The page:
Pierre Hugyhe wants ever day to be a celebration, so he asked some of his artist friends to come up with a reason to celebrate on days that we don’t have a holiday at the moment.
Pierre has used his exhibition at the Tate Modern to display the new holidays to the public for the first time.
The day I am most looking forward to is the day celebrating our sense of anticipation. But no date has been set for that yet.
The most enlightening holiday will be the day of rational certainty. On that day we will be enjoined not to cross our fingers or worry about stepping on the cracks in the pavement. The horoscopes won’t be published. Temples, churches and mosques will shut their doors for the day.
The results of the day will be interesting. Can we base our lives solely on things that can be rationally proven? We don’t know what time is, or how many dimensions there are in the universe, or why the universe was created, or why a table feels solid when the atoms that it is made of consist mainly of empty space. We need metaphors, assumptions, beliefs, and maybe even faith, to bridge these gaps.
The day will necessitate a temporary laying aside of the existing public explanations of the nature, purpose, and destiny of the universe. It will thus provide you with a bit of space to come up with your own answers to these questions, whichever answers help you pursue whichever type of life you most want to live.
Julia Cameron in her book The Artist's Way urges anyone wanting to make more use of their own creativity to come up with their own view of why the creator of the universe created it and what that creator is like.
I like to think of the creator of the universe as a being that is not all-knowing, but is instead all-learning: learning from the new things that are happening all over the universe all the time. That learning isn't stored by the creator seperately from the universe, the learning is stored in the universe itself. The universe works to both use some of that learning and to keep on creating new situations for new learning.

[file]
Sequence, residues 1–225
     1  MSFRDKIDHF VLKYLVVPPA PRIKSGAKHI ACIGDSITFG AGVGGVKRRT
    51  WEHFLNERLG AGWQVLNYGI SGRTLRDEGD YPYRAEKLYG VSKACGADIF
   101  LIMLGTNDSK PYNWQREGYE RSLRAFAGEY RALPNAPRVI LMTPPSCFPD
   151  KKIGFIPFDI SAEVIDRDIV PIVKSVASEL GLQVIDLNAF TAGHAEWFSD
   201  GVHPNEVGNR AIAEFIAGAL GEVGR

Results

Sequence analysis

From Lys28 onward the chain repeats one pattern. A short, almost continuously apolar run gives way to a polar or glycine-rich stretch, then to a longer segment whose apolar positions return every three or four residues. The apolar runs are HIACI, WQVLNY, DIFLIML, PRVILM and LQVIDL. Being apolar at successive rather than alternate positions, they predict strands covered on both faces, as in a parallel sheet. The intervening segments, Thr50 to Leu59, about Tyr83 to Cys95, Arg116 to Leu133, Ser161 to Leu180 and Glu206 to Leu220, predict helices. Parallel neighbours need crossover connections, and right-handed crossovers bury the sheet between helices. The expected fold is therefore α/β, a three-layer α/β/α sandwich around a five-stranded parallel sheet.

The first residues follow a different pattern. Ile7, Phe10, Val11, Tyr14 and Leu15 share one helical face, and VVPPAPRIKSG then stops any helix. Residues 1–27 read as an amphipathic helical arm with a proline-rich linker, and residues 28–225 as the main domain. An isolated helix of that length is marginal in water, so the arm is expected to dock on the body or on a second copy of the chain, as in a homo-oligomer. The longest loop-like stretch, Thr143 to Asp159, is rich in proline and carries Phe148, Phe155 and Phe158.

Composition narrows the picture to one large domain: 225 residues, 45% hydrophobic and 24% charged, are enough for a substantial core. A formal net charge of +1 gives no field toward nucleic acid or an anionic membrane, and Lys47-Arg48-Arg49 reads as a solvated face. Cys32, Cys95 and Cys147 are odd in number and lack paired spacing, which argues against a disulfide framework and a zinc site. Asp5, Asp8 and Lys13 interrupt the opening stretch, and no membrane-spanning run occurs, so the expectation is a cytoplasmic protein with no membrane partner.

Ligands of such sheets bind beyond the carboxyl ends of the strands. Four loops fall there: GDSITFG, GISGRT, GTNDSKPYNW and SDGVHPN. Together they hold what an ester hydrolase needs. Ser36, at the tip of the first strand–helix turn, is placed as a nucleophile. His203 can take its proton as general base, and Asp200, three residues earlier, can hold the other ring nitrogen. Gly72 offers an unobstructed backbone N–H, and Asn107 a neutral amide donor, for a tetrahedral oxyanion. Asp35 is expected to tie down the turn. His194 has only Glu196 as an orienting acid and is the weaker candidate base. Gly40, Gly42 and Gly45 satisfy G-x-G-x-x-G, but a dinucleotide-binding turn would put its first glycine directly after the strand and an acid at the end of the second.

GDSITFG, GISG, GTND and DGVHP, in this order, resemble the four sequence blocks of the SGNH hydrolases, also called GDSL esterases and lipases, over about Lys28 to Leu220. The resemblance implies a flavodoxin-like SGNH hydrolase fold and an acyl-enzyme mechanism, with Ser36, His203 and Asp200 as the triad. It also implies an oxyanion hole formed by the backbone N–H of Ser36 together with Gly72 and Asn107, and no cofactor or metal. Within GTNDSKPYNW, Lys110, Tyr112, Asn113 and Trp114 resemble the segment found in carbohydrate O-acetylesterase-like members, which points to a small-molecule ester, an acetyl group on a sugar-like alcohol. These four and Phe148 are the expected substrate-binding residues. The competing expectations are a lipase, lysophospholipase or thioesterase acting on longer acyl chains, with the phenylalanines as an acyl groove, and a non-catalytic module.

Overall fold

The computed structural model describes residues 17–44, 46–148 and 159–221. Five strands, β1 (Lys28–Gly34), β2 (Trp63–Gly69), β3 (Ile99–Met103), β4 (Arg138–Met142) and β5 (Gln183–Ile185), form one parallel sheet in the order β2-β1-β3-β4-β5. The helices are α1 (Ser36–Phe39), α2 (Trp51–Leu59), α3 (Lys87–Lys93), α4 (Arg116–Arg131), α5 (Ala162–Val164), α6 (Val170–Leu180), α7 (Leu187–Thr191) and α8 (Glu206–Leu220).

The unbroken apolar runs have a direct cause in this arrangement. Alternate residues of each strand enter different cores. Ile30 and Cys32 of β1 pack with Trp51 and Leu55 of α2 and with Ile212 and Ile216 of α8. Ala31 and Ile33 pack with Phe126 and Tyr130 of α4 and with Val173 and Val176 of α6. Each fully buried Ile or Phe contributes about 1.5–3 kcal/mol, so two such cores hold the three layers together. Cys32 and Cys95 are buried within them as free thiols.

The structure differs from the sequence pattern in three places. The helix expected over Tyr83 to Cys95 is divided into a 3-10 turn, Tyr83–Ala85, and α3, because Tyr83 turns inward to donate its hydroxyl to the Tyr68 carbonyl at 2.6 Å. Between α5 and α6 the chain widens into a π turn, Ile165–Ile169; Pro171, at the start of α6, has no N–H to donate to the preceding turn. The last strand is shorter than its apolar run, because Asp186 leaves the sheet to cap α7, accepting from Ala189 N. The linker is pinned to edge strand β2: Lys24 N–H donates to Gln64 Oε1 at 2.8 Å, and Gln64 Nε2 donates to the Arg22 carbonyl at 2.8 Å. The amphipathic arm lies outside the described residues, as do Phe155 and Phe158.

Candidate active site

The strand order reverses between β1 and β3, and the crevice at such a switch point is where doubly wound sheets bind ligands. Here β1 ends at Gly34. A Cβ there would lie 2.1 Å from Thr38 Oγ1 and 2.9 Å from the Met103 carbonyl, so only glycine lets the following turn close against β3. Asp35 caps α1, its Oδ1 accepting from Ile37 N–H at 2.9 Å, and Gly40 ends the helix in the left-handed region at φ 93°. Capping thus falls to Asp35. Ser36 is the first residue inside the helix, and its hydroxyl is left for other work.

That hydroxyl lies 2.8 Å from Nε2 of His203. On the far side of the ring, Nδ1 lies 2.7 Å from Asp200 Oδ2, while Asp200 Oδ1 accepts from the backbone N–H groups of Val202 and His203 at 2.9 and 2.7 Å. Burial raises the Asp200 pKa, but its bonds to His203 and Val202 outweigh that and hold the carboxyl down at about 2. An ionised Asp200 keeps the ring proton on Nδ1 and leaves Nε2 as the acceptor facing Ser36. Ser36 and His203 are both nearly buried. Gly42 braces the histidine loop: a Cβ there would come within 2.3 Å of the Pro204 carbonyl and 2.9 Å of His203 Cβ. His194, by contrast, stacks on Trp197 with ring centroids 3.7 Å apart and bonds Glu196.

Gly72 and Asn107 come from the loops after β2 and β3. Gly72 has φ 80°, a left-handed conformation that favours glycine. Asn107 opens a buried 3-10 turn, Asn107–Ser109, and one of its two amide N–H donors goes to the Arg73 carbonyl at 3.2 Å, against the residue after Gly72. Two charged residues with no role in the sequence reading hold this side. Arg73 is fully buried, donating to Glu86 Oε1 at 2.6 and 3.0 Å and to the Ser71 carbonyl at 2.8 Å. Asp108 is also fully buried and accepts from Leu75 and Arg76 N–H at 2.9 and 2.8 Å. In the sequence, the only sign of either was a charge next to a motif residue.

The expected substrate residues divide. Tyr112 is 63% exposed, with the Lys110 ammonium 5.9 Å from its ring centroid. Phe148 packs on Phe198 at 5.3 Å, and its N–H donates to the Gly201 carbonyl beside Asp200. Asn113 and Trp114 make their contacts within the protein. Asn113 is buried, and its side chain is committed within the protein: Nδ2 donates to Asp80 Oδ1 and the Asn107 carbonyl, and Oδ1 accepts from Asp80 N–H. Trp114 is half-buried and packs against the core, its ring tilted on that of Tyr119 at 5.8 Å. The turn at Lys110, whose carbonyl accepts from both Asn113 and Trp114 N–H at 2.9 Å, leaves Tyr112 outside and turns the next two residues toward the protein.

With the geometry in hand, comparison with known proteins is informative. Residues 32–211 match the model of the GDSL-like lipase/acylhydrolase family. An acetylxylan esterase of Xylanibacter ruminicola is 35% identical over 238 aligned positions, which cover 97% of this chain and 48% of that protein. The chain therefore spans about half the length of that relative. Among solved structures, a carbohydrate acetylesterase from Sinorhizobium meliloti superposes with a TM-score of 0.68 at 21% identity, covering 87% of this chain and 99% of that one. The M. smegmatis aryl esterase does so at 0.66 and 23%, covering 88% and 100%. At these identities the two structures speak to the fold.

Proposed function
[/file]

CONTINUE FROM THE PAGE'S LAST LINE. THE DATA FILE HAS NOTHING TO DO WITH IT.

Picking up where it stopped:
The creator of the universe created it because no universe had been created before, and the happiness and beauty it could potentially generate might well be worth the inevitable pain.
Later in the year another Hugyhe holiday will celebrate the future. The curator Hans Ulrich Obrist asked his artist friends to tell him what they think the future is. It is a nice twist, a curator asked to produce a work of art by an artist and doing so by curating the comments of other artists to create an exhibition within an exhibition within an exhibition. All the artists have come up with different little straplines for the future, thus confirming that not only do we not know what the future holds, we don’t even know what the future is.
We at World Flapjack day are a little disappointed that that this French led endeavour has not come up with a day to celebrate any of the wonderful things found in patisseries.
To make up for this omission we are proposing to make July 8 the celebration of ‘unlikely but uplifting combinations’.
On this day evey year people will be enjoined to take the day off to combine different things that they like but don’t normally do at the same time. This is so often a sure fire recipe for happiness in life.
The inspriration for this day came from the Banauchoc: a pain au chocalat with banana in. (you can get them from the Panos bakery on the concourse of Brussels Gare du Midi station).
Some of the things I like doing are: playing chess, having a bath, meeting new people, learning new languages, getting fresh air. In Budapest at the Szechenyi Baths you can stand for hours in an open air thermal bath, play chess with a waterproof chess set and improve your Hungarian.
We at World Flapjack Day support Pierre’s endeavour. and will be celebrating each of these new holidays as they come through the year.
Photos of Szechenyi baths by phnk